According to Deputy Program Executive Officer (PEO) for Land Systems (LS) Daniel Pierson, one interservice initiative that continues to garner the spotlight within the PEO is the Joint Center for Ground Vehicles (JCGV).
JCGV, which has been operational since August 2010, is a joint service construct between the Army and the Marine Corps, formed from existing organizations and infrastructure, to address current and future technical and resource challenges surrounding ground vehicles. Its key tenents are to increase efficiency, reduce costs, and synchronize technology development – ultimately improving the effectiveness of the ground vehicle system development and acquisition across both the Army and the Marine Corps.
The JCGV is led by the JCGV Governance Board, which includes leaders from the Army’s PEOs for Ground Combat Systems (PEO GCS) and Combat Support and Combat Service Support (PEO CS&CSS); the Marine Corps PEO LS; Tank Automotive Research Development and Engineering Center (TARDEC); Systems Engineering, Interoperability, Architectures and Technology (SIAT), Marine Corps Systems Command (MCSC); Office of Naval Research (ONR) Code 30; and the Tank-automotive and Armaments Command Life Cycle Management Command (TACOM LCMC). JCGV is currently funded by the participants as part of their normal course of doing business, and efficiencies are gained through close collaboration.
Looking back at the organizational evolution, Pierson offered, “One of the biggest things that just recently happened was that I think we finally got consensus on a shared vision. Everyone had been agreeing in concept and the effort had been proceeding, but I would say that it was really about January of this year when everyone reached a point where we had a shared vision that actually went so far as to define an end state for JCGV.”
That end state includes: The JCGV Governance Board formally recognized by Office of the Secretary of Defense (OSD), Congress, the services, and industry as the means to an end; Detroit Arsenal is formally declared the Joint Center of Excellence for Ground Vehicles by the Department of Defense (DoD) and Congress; the JCGV Governance Board is recognized as representing the ground vehicle acquisition community and is the single recognized authoritative voice for complex cross-cutting issues in this domain; senior leadership and industry look to the Governance Board to seek subject-matter expert technical and programmatic input, address concerns, issues, or need for data – processes built for quick turn of requests; resources (people and dollars) are properly aligned to prioritized efforts; shared vision and investments exist across PEOs and service ground vehicle programs; open and frequent communication among PEOs and other board members to make more informed decisions and raise the level of awareness on cross-cutting issues; and the JCGV Governance Board creates a culture of stewardship, use of best practices, common tools and processes, continuous improvement to drive out inefficiencies, and ensures a trained and ready workforce with proper skill sets.
“What is really nice now is that when all the Governance Board principals get together they are all espousing the same philosophy and same logic trail of why we need to be doing what we’re doing,” Pierson said. “And the board is really starting to bring the community together to collaborate.”
As examples of this collaboration, Pierson pointed to a number of JCGV initiatives currently under way.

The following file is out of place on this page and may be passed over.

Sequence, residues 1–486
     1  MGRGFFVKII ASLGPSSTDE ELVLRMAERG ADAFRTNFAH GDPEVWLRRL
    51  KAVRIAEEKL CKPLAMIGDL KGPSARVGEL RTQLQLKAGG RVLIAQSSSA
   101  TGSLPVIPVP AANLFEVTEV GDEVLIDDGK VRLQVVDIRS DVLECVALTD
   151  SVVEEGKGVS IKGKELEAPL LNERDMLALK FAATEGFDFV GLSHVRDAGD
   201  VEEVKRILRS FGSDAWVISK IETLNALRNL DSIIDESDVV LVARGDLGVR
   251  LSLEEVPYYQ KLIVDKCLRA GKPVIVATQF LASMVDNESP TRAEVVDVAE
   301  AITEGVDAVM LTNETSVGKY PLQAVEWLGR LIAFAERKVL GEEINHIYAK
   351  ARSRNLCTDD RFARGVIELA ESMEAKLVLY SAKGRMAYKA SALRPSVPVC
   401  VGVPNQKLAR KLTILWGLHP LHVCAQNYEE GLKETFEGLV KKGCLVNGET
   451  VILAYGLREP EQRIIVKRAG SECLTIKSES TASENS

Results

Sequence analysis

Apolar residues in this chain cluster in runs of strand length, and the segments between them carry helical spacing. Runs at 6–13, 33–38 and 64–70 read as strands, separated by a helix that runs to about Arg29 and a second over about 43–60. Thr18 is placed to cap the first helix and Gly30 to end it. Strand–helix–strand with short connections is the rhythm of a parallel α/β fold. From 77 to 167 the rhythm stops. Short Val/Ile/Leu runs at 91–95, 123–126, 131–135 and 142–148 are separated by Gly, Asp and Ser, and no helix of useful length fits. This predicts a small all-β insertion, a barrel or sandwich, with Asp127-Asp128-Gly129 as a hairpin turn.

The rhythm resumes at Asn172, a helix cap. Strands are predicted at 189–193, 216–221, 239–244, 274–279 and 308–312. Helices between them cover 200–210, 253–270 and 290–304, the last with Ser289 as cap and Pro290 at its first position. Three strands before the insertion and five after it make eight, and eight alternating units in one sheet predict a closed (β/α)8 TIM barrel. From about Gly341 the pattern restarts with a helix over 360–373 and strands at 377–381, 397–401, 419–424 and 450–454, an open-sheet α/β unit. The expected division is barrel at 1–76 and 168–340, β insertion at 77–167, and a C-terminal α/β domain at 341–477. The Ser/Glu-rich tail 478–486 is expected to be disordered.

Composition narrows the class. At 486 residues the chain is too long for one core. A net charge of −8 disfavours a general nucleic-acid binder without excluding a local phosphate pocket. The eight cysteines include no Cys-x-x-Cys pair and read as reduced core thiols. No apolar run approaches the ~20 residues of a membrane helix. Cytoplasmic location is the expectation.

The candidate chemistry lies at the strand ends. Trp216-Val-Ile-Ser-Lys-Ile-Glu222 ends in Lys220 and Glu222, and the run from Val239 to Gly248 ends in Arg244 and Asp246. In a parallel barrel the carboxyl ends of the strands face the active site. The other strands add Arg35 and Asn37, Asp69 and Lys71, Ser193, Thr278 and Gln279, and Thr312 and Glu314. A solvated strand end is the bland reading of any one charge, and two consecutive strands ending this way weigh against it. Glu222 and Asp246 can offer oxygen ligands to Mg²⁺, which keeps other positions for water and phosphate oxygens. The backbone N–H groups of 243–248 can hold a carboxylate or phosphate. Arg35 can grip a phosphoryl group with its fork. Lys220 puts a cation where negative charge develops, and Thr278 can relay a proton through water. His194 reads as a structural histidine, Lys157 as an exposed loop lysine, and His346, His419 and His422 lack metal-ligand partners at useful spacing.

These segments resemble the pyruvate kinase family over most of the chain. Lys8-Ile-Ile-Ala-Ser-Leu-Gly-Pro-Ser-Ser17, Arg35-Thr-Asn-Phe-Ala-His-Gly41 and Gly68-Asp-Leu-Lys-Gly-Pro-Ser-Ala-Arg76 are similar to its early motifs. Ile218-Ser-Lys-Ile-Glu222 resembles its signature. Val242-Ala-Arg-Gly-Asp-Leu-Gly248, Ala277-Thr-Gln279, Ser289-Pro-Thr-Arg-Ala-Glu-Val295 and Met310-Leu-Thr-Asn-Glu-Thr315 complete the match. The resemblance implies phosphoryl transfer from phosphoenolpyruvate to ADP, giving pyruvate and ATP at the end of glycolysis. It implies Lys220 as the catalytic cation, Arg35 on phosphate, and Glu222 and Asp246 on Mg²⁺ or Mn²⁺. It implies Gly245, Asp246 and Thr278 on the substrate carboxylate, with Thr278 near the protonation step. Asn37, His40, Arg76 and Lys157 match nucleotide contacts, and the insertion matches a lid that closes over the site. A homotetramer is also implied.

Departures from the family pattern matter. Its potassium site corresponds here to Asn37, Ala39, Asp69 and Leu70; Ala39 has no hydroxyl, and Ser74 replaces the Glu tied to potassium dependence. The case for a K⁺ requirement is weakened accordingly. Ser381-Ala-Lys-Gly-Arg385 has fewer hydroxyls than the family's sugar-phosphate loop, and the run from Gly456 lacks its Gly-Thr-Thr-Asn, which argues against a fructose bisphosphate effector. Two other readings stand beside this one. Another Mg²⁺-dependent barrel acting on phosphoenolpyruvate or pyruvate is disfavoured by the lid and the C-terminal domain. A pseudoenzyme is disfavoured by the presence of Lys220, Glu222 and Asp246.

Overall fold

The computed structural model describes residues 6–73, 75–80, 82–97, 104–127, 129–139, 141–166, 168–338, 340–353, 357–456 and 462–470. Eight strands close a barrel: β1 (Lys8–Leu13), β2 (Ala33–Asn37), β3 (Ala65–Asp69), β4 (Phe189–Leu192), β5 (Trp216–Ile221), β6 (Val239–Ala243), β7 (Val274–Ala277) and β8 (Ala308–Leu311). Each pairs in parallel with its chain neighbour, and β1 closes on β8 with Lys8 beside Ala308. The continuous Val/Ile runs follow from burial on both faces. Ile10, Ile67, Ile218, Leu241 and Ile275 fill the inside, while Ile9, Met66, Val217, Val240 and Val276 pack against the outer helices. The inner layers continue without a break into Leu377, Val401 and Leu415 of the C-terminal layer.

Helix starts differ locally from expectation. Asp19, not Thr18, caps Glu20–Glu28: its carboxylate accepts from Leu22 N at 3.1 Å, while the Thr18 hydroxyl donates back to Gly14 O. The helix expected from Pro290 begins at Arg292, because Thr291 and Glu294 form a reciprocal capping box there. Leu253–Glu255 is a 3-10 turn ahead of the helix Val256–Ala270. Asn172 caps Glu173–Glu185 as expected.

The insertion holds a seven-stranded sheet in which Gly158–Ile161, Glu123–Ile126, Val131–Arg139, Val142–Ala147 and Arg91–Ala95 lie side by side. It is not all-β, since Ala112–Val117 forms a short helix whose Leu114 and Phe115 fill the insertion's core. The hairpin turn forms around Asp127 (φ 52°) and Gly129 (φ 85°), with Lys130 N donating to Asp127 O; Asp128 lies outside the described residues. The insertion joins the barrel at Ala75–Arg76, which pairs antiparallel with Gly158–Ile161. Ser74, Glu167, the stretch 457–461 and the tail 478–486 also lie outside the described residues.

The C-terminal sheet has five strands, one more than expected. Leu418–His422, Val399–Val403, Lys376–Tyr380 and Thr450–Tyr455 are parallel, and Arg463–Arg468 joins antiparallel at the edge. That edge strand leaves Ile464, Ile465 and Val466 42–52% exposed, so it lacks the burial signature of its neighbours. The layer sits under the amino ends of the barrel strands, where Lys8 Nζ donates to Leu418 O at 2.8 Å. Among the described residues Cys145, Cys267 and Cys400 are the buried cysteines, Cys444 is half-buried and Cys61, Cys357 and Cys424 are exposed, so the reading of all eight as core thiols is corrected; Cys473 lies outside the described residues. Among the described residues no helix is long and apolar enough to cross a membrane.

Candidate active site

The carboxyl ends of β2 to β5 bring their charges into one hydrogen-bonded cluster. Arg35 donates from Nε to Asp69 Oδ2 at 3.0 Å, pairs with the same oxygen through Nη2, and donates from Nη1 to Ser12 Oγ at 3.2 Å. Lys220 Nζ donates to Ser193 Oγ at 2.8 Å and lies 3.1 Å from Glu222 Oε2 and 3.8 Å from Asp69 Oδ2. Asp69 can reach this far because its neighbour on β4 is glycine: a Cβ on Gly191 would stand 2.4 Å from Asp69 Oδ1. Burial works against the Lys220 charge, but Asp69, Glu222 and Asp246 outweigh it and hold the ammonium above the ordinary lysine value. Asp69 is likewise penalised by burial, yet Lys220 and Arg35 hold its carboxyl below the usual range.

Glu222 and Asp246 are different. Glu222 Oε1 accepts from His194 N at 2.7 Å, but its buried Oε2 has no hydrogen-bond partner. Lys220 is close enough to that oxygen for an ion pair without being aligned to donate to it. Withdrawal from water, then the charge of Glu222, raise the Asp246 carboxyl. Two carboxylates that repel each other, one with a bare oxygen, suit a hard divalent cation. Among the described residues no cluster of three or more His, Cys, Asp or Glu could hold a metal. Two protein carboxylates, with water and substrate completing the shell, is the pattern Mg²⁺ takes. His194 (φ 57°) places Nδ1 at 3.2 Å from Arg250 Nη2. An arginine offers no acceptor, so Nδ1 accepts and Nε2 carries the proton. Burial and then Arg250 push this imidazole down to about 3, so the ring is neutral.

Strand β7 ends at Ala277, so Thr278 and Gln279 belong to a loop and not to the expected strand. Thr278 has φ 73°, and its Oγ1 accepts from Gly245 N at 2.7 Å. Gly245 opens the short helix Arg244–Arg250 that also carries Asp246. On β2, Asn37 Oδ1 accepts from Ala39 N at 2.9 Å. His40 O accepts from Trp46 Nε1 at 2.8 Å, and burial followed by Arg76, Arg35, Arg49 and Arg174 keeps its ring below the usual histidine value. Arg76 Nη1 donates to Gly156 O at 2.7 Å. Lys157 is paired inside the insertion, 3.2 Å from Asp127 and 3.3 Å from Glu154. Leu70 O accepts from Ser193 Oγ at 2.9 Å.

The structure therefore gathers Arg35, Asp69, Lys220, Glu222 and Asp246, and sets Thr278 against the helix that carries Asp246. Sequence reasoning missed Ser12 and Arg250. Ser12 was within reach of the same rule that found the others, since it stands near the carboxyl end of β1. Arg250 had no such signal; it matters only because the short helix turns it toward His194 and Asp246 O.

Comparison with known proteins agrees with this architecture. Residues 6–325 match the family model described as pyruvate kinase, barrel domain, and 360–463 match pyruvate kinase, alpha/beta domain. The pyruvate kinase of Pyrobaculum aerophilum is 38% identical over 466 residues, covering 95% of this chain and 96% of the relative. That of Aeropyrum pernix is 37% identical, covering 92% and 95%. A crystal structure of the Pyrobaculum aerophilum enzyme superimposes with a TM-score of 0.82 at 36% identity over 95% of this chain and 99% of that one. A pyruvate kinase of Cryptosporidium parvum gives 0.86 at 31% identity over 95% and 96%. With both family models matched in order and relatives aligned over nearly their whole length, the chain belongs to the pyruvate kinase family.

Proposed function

“The biggest success I would say is in the S&T [science and technology] world, because we have a dedicated S&T director with a well-defined process for identifying the Marine Corps’ needs,” he said. “And frankly the Army has looked at that process and adopted a lot of it as well. What that has done is that we now have a very good collaboration across the S&T community, including ONR for the Marine Corps and TARDEC for the Army. Those organizations are focused on sharing the investments that each service is making, particularly when it comes to ground vehicle technology.
“Every year we [PEO LS] have been publishing the Advanced Technology Investment Plan that Mike Halloran, our S&T director, puts together for us,” he added. “And in that plan, you see references to billions of dollars that the Army has highlighted in S&T initiatives. We are correlating those initiatives to actual needs of our programs. And that annual plan also shows industry what our needs are and what things we are tracking.
“That’s where the JCGV Governance Board really begins to pay off,” he said. “That board includes the technical community that supports our programs as well as the PEOs who manage the programs. And when you bring that community together now you can start to talk about which technologies are on which burner and how best to target which programs for transition. The folks who are managing the programs are looking at the technology portfolios, schedules, and resources, and they are talking to the technologists and actually having conversations about evolving technologies that might be emerging too late, too early, or heading down the wrong path entirely.
“That’s the kind of dialog that the Governance Board will bring to the table,” Pierson stated. “We’re still early. We’re only a couple of years into this. And I don’t want to oversell how much progress we are really making. But clearly the momentum has picked up and we can make great strides in an area where there is much room for improvement.
“A second area we are focused on is operational energy,” he continued. “That’s an area where we’ve hooked arms with the Army, gone to the Governance Board and emphasized the need for us to address this from the ground vehicle domain rather than sitting back and waiting for direction from those responsible for setting policy. So we have decided to take a more active role as a community in helping to define how we are going to address operational energy in our programs.”